Following are the classes I am currently teaching or taught as a graduate student instructor and post doctoral teaching fellow.

Fall 2021 Freshman Engineering Projects

The purpose of this course is to provide you an introduction to engineering through a series of projects done in interdisciplinary teams. You will learn in a hands-on way valuable engineering skills including communication skills, how to function in teams, and a variety of computer tools as appropriate to your projects, such as programming microcontrollers, dynamic modeling software, or computer-aided design (CAD). Specific learning objectives for the course include: Open-ended Hands-on Design Experience, Engineering Methodology, Teamwork Skills, Communication Skills, Engineering Ethics. As an added bonus, students will learn all the non-technical skills in a virtual (i.e. videogame) environment!!!

Spring 2022, 2021, 2020 Bioinspired Robotics

In this course, students learn how to build robots by leveraging principles of bioinspired design. Specifically, bioinspired design views the process of how we learn from nature as an innovation strategy translating principles of function, performance and aesthetics from biology to human technology. Lectures address the biomimicry design process from original scientific breakthroughs to entrepreneurial start-ups using cases studies that include gecko-inspired adhesives, robots that run, fly and swim, artificial muscles, computer animation, medical devices and prosthetics while highlighting health, the environment, and safety. Diverse teams of students collaborate on, create, and present original bioinspired robotic devices as projects at the end of the course. Students from all disciplines are welcome.

Fall 2016 Physics as a Foundation for Science and Engineering I

This is the first half of a one-year, team-based and project-based introduction to physics. The course teaches students to develop scientific reasoning and problem-solving skills. Topics include: kinematics; linear and rotational motion; conservation of momentum and energy; forces; gravity; oscillations and waves. Multivariable and vector calculus is introduced and used extensively in the course. Students work in teams on three, month-long projects, each culminating in a project fair.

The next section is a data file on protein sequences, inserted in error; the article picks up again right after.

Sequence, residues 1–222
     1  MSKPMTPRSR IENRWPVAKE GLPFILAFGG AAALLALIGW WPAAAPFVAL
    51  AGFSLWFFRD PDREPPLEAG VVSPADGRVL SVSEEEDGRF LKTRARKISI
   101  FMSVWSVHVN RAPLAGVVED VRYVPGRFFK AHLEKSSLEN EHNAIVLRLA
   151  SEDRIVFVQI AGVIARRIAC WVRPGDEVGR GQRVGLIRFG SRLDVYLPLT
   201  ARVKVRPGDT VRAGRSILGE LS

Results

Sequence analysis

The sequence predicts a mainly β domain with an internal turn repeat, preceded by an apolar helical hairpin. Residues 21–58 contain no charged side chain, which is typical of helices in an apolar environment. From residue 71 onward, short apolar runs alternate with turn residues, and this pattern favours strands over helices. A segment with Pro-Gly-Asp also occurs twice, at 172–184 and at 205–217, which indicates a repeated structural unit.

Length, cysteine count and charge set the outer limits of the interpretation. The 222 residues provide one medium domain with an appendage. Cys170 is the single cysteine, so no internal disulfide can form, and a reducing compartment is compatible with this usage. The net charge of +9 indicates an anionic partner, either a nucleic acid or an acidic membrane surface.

Fall 2013 Motor Control

Neural control of movement in humans and other animals. Lectures introduce basic theories of information and control, analyze motor control at the spinal level, survey anatomy and physiology of motor systems of the brain, and synthesize theory and physiology to understand control systems that regulate posture, locomotion, and voluntary movements. In laboratories, students learn theory and motor physiology hands-on, and design and perform independent investigations. [Outstanding Graduate Student Instructor]

Spring 2012 Mechanics of Organisms Laboratory

Introduction to laboratory and field study of the biomechanics of animals and plants using fundamental biomechanical techniques and equipment. Course has a series of rotations involving students in experiments demonstrating how solid and fluid mechanics can be used to discover the way in which diverse organisms move and interact with their physical environment. The laboratories emphasize sampling methodology, experimental design, and statistical interpretation of results. Latter third of course devoted to independent research projects.

Spring 2009 Manufacturing Processes II

The course is complementing the lecture course that discusses primary manufacturing processes such as casting, forming and welding. These processes are additive in nature, i.e. the manufacture of the object takes place by combining or building from scratch (contrast this with subtractive manufacturing processes of material removal like turning/milling where the manufacture is made from by reducing an existing chunk of material, dealt with in the part I of the course).

Fall 2008 Experimental Engineering Lab

This course introduces students to basics of experimental techniques for engineering design and manufacturing.